Monday, December 21, 2015

Eisenstein in Guanajuato

The Oscars be damned! Eisenstein in Guanajuato, the latest masterpiece from British master Peter Greenway is the best picture of the year 2015. At least, it should be. In Greenway’s astute hands a drab, award-baiting subject (after all, we are talking about the Russian master of silent cinema, his repressed homosexuality, and those bloody communists!) becomes a carnival of sex. It’s irreverent, chatty and shameless, with full of full frontal.

This movie will not play in a theatre near you!


Set in Mexico during the “10 days that shook” Russia’s greatest silent filmmaker, “Eisenstein in Guanajuato” marks Peter Greenaway’s raucous attempt to capture his all-time cinema idol at his moment of greatest personal discovery and deepest professional frustration — which, the film takes great delight in suggesting, coincided with the loss of his virginity, at age 33, so far from his (still) homophobic homeland. Determined to breathe fresh life into a medium he insists has scarcely evolved in the 90 years since Sergei Eisenstein made “Strike,” Greenaway has wrought an outrageously unconventional and deliriously profane biopic that could take decades to be duly appreciated.

Unspooling like some sort of blasphemous passion play, the film depicts Eisenstein’s symbolic death and subsequent resurrection via an act of gay sex. “Somebody has opened the door to a wet and weepy dirty hurricane,” the Russian gushes not long after his studly Mexican guide, Palomino Canedo (Luis Alberti), pours olive oil down his backside and forcefully mounts him. It’s a scene that makes “Last Tango in Paris” seem tame by comparison, crowned by the sight of Canedo planting a tiny Soviet flag in Eisenstein’s bleeding orifice.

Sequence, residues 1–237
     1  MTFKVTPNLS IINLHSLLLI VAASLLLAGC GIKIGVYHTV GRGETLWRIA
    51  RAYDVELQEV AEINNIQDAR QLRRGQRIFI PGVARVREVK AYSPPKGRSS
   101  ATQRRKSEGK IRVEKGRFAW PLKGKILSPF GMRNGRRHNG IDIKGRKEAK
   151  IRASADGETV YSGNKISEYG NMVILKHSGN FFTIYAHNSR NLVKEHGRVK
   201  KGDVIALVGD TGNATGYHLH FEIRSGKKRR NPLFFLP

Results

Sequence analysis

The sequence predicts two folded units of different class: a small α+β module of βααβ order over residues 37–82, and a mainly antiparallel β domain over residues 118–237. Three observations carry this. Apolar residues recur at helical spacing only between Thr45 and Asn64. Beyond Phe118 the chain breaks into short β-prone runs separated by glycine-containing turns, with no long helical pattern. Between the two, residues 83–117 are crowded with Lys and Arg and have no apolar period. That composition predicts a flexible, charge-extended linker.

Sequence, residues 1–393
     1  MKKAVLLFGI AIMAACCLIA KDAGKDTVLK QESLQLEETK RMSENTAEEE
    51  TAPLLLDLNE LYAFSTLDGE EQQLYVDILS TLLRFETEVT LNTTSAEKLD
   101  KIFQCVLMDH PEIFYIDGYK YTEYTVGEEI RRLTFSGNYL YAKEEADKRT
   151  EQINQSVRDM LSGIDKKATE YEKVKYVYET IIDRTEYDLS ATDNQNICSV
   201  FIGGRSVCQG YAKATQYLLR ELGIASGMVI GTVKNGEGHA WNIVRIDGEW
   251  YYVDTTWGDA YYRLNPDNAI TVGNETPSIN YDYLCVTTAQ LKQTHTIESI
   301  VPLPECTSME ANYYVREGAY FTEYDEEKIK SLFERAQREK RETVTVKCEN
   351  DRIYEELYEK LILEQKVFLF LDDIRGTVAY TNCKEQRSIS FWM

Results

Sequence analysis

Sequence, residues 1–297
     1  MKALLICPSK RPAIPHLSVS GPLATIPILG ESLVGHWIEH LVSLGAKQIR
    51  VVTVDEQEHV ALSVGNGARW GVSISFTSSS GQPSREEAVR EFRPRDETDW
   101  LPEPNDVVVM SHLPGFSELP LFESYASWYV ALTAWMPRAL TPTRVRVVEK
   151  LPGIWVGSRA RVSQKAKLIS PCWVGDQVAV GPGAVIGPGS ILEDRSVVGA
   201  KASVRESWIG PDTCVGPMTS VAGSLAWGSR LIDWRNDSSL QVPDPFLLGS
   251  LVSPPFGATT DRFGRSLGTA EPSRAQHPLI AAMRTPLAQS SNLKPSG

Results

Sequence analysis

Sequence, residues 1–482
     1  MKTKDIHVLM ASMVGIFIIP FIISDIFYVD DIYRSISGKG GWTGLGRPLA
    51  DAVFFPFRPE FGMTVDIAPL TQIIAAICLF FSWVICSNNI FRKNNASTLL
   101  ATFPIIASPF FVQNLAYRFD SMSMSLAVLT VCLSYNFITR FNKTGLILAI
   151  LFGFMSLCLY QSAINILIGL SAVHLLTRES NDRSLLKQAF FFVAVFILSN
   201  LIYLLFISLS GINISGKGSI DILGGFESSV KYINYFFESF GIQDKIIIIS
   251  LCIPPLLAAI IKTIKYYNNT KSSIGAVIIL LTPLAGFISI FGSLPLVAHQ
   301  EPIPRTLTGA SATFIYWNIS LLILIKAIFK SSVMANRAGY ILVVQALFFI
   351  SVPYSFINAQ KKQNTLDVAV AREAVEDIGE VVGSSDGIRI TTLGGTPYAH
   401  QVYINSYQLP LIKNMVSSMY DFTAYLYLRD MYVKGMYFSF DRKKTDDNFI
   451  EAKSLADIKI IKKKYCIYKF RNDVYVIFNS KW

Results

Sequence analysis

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Eisenstein in Guanajuato is far from a conventional biopic. It hones in on the director’s time abroad working on his eventually abandoned project about the Mexican revolution ¡Que viva México!, which had been backed by left-wing American benefactor Upton Sinclair and his wife after Eisenstein struggled to get a film off the ground in Hollywood.

Eisenstein’s relationship with the Sinclairs broke down amid Stalin’s suspicions that the director had deserted the USSR – and his distraction by more carnal pursuits.

But Greenaway makes production tensions mere background to the very personal tumult of Eisenstein’s intense affair with his guide Palomino Cañedo, to whom he lost his virginity at the age of 33. This is framed as nothing less than a personal revolution – the “ten days that shook Sergei Eisenstein”, as Greenaway mischievously refers to them in a play on the director’s commemoration of the Russian Revolution, October (Ten Days that Shook the World).

“I always felt Eisenstein’s first three films were very different from the last three – why? I think the answer to that is, when you go abroad, you become a different person,” said Greenaway, who believes the personal transformation Eisenstein underwent in Mexico turned him from the focus on mass action of Battleship Potemkin, Strike! and October to a greater concern with the individual, as evidenced in Alexander Nevsky and the two-part Ivan the Terrible.

“He was away from paranoia, from Stalinist persecution and really strange political eccentricities, and he was faced with a brand new and different society. There’s a lot of evidence he freed up, and became much more empathetic to notions of the human condition.”

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Peter Greenaway, CBE (born 5 April 1942) is a British film director. His films are noted for the distinct influence of Renaissance and Baroque painting, and Flemish painting in particular. Common traits in his film are the scenic composition and illumination and the contrasts of costume and nudity, nature and architecture, furniture and people, sexual pleasure and painful death.

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